The following is part of the Fifth Avenue Project, an ongoing effort to document the world of wholesaling merchants who operated along Fifth Avenue in Uptown Pittsburgh from 1880 to 1980. This article explains the project. I’ll be giving a talk on the history of the Fifth Avenue wholesaling district at the Rauh Jewish Archives on Sunday, April 21.
After Oscar Simon died suddenly at the Schenley Hotel on a Sunday evening in May 1923, his obituary in the Jewish Criterion listed only the most basic details about his life: He had been born in Poland around 1875, had immigrated to the United States as a boy and had died at 48. His funeral service was held on Beacon Street, at the home of his sister-in-law in Squirrel Hill. The obituary mentioned no surviving spouse or children.
In the next issue, though, the Criterion dedicated its lead editorial to Simon. “He was a modest man who limited his contacts to a small group of friends and relatives,” the editorial read. “Through a well developed business sense he created a successful manufacturing concern. Not big in the meaning of what big business is recognized to be in this age and day, but a good, substantial enterprise promoted on a sound basis.”
From 1905 until his death, Simon ran a pants factory on the second floor of 824 Fifth Avenue. He was among its first tenants; the thin, four-story building is still standing, and proclaims “1904” from its cornice. During his eighteen-year tenure on the second floor, Simon had many downstairs neighbors, including the Enterprise Cloak & Suit Co. until 1912, Bernstein & Esman ladies clothing in 1913 and 1914, Kamin Co. menswear in 1915 and Escovitz Brothers “dry goods” (or textiles and such) from 1916 to 1922.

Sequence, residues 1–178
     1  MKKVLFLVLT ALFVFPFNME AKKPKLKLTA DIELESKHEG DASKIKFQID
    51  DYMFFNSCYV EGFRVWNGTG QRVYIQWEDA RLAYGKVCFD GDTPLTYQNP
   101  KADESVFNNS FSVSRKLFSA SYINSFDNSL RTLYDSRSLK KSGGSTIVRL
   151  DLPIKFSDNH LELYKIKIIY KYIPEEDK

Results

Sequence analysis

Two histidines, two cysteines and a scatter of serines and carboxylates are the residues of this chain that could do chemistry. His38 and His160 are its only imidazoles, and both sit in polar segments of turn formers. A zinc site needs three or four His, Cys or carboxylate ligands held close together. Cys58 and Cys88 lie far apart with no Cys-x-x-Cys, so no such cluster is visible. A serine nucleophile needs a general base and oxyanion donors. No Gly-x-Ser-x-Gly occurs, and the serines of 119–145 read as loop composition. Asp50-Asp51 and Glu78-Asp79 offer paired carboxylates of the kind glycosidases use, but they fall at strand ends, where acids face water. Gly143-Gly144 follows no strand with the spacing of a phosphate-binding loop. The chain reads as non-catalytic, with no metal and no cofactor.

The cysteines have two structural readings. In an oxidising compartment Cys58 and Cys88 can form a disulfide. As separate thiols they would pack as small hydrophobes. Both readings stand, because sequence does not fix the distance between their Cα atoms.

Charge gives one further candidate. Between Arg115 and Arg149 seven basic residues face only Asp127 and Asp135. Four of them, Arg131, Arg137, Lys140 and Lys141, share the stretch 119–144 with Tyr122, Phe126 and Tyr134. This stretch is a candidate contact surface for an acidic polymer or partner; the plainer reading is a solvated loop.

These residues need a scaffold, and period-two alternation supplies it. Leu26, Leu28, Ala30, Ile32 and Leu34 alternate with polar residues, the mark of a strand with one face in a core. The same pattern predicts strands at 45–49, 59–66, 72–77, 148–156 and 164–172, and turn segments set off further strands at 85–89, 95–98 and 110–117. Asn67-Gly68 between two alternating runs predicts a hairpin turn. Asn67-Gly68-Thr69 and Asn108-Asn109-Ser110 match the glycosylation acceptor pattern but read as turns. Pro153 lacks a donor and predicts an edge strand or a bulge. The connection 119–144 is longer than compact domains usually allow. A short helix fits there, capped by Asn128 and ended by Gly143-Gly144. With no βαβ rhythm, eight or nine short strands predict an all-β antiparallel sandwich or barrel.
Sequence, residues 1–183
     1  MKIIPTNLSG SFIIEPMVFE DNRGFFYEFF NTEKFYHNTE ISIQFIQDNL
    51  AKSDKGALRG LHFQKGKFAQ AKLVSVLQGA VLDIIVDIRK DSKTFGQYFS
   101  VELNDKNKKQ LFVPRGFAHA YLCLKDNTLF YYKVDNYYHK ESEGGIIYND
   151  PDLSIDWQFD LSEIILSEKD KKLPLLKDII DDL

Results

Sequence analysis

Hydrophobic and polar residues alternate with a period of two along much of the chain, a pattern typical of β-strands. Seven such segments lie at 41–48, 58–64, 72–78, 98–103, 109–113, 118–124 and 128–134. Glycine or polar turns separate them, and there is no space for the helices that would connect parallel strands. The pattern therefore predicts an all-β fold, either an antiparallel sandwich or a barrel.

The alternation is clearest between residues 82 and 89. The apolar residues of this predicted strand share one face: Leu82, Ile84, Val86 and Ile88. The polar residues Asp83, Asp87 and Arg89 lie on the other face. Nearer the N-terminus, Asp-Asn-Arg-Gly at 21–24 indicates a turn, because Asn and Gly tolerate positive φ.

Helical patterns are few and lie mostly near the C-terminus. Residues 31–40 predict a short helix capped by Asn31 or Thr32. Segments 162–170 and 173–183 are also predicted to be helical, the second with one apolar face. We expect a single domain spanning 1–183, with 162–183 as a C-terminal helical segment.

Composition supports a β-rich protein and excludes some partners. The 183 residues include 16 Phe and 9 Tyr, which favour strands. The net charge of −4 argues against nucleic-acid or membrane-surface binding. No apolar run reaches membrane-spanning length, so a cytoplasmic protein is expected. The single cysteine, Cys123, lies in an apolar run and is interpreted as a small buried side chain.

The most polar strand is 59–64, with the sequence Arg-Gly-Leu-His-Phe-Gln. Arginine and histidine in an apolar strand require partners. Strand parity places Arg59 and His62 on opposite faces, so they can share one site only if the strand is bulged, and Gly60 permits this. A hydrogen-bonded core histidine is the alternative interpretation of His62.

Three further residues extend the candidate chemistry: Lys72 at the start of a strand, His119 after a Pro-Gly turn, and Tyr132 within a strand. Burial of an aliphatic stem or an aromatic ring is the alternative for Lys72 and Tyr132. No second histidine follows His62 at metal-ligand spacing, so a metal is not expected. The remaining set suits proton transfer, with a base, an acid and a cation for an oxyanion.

This business allowed him to move from Bluff Street in Uptown to the Schenley Hotel in Oakland during the latter half of his life. Although he held no leadership posts in the Jewish community, Simon often gave small amounts to local, national and international causes, particularly to persecuted Jews in Russia. “Those who knew him knew well that he had a heart; that he was a man of strictest integrity and that nothing he would ever do would reflect upon the Jewish name,” the editorial continued.
“So we come to his will.”
“He didn’t leave a fortune, but he left enough to prove that he was a man of feeling and thoughtfulness,” the editorial read. Specifically, Simon gave $100 to every woman working in his factory and more to his managers. He gave $500 each to the four Orthodox rabbis in Pittsburgh. He gave $1,000 to groups in his hometown. And he gave $28,000 and a fourth of his residuary estate to a collection of Jewish institutions in the city, including Montefiore Hospital, the Hebrew Institute, the Free Loan Society, the Home for the Aged, the Gusky Orphanage, the Sivitz Talmud Torah, the Cemetery Association of Congregation Beth Hamedrash Hagadol and the Jewish Home for Babies.
All told, Simon willed $31,000 (some $420,000, today) to friends and charities. It amounted to half his estate. The rest went to his relatives. “Many men much wealthier than this man will find something to think about in this will,” the editorial concluded.